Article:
Nextag: How the corporate cuts and restructuring in a highly competitive industry can increase your business experiences and risk tolerance
After SGI, Ramirez moved to another industry and joined Nextag, a growing e-commerce price comparison website that had properties around the world, as senior international counsel. Although she was hoping for a less eventful career than her unpredictable decade at SGI, she found that working at Nextag would be another exercise in learning to embrace uncertainty. Competition by newcomer Google Shopping hit Nextag hard, and the company went through numerous cuts and restructuring. Ramirez ended up reliving many SGI-like experiences during her four-year stay at Nextag.
Again, she took this shift in Nextag's competitive landscape as an opportunity to broaden her original role from senior international counsel to deputy general counsel. As Nextag shifted from a staff of three attorneys down to just Ramirez and a paralegal, she took on many new legal and business responsibilities. Eventually, as Nextag's then-general counsel became the CEO, Ramirez had an opportunity to run the legal department and oversee broader business functions. Ramirez explains, "It was definitely a business in transition. And at some point, business and legal strategy became one. That is what happens when you are trying to survive as a company. Your risk tolerance goes higher and higher." Eventually, Nextag was bought by a private equity firm. The company was restructured once again and the legal function was eventually outsourced. Although Ramirez's time at Nextag was less than half the length of her time at SGI, she took the rapid changes and uncertainty as yet another opportunity for growth.
Intel: How a culture of rotation forces learning and professional growth
These days, Ramirez enjoys her position at Intel, which was SGI's former vendor. Unlike SGI and Nextag, Intel is a stable company. Ramirez, however, prizes Intel's abundant learning opportunities more than its stability. She was familiar with Intel's technology and was intrigued by the opportunity to work with a large legal department and many technology products. As Ramirez explains, "Intel is into everything — IOT, connected devices, drones, you name it. So, it took a while to adjust. It was overwhelming."
Optional rotations are Ramirez' favorite benefit at Intel because they provide opportunities to learn both legal and business skills. Rotations are encouraged in the legal department to cover a co-worker's sabbatical, for project specific growth opportunities, or longer term for two-year rotations at an international office. In fact, she sees herself staying at Intel for a long time, if not through the end of her career. "I recently volunteered to learn more about product security and it lead to amazing opportunities and experiences that I never had before. I can't imagine ever becoming bored with Intel," she shares.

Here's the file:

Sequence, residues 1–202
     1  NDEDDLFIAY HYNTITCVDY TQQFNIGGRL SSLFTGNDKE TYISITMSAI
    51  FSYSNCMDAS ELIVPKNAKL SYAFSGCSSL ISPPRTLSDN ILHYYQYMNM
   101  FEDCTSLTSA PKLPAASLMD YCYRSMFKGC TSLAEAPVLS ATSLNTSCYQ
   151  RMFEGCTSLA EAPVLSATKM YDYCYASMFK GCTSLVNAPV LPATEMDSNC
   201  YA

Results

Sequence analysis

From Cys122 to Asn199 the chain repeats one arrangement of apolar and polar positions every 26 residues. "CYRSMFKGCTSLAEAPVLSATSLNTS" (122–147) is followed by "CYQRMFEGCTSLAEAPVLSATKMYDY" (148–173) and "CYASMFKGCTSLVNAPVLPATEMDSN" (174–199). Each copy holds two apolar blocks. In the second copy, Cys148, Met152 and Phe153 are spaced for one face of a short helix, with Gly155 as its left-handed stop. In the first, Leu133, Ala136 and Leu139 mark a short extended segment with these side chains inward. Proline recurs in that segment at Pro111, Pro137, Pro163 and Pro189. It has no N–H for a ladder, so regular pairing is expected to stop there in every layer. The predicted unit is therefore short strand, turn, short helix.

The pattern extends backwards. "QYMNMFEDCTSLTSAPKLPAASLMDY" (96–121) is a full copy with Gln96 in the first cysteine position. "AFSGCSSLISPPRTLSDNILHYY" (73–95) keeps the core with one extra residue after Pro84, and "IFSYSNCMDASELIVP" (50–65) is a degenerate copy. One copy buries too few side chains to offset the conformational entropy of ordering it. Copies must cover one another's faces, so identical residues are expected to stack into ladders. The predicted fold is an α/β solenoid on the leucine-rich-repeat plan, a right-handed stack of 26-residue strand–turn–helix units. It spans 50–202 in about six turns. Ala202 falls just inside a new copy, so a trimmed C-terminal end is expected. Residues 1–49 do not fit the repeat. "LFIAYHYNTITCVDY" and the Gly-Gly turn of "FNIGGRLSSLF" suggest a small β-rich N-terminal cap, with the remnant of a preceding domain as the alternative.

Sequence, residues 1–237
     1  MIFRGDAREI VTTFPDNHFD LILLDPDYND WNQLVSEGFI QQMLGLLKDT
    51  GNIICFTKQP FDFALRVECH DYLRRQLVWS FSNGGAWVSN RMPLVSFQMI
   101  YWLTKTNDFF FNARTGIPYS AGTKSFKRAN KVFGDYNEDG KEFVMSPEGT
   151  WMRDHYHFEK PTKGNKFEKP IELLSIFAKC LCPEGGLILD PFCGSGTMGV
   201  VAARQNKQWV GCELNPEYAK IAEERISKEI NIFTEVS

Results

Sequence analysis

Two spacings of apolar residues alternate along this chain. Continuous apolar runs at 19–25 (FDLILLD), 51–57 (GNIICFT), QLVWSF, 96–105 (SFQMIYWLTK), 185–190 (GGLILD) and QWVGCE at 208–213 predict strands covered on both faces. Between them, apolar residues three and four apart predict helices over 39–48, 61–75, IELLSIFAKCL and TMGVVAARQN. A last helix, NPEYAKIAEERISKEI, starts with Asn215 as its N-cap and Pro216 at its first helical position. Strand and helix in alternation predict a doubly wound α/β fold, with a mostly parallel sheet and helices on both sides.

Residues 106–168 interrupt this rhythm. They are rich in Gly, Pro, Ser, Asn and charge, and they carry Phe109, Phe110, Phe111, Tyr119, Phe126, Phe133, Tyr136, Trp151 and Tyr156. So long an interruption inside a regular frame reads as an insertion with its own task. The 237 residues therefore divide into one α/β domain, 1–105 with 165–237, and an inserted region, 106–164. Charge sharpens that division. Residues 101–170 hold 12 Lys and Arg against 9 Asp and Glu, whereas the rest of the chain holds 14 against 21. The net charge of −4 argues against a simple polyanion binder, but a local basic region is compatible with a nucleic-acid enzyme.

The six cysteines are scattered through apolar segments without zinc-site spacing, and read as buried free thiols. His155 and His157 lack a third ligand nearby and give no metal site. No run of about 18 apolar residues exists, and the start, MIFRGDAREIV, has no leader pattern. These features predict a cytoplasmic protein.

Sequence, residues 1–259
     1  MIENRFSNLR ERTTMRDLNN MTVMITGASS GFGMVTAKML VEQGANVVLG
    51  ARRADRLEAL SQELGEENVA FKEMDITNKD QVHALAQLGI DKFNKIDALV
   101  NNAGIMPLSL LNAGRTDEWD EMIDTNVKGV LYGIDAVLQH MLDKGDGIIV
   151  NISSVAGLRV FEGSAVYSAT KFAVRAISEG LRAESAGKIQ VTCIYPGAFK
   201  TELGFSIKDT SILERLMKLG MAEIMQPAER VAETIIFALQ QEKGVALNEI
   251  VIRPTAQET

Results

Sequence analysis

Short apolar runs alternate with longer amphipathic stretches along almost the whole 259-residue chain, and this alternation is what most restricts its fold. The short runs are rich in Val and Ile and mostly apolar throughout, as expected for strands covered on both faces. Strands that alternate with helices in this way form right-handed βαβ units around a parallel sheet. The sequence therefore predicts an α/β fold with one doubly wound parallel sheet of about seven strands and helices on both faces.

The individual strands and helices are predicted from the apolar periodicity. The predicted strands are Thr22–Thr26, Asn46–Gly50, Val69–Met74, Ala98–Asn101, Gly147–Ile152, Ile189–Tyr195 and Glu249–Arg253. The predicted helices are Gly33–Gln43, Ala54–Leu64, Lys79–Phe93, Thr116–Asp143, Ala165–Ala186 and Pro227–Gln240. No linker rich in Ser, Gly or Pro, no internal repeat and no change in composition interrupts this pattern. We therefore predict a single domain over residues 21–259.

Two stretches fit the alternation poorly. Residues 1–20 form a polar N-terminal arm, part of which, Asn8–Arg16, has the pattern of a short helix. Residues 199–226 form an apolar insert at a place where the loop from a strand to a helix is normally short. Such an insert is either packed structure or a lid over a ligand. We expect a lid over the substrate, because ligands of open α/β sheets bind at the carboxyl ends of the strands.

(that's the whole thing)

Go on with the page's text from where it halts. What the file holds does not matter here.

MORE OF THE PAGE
Through her rollercoaster of a career, Ramirez has discovered something even beyond her wealth of substantive knowledge: the benefits of "perspective" walks. The walks clear her head, facilitate sustained concentration, and help her provide better services to her clients. She explains, "I picked up the habit of an afternoon walk during my particularly fast-paced time at SGI. I found that an afternoon walk was just the thing I needed when I felt overwhelmed by my work or faced a particularly tough opportunity." She found that the "perspective" walks lead to more clarity, less anxiety, and an abundance of creative solutions. She continues her "perspective" walk practice today at Intel as she embraces learning and opportunities that she has not encountered before.
Ultimately, Ramirez says, "All experiences are good experiences. And I would not trade my rollercoaster experiences for any other experiences." She also adds, "I love being a technology lawyer in Silicon Valley because I believe the intersection of law, technology and society is rapidly changing our lives. I hope to continue to be a part of the rapid changes here in the hub of innovation as I embrace all learning that comes my way as part of this experience."
This article was originally published by the Association of Corporate Counsel (ACC) Docket.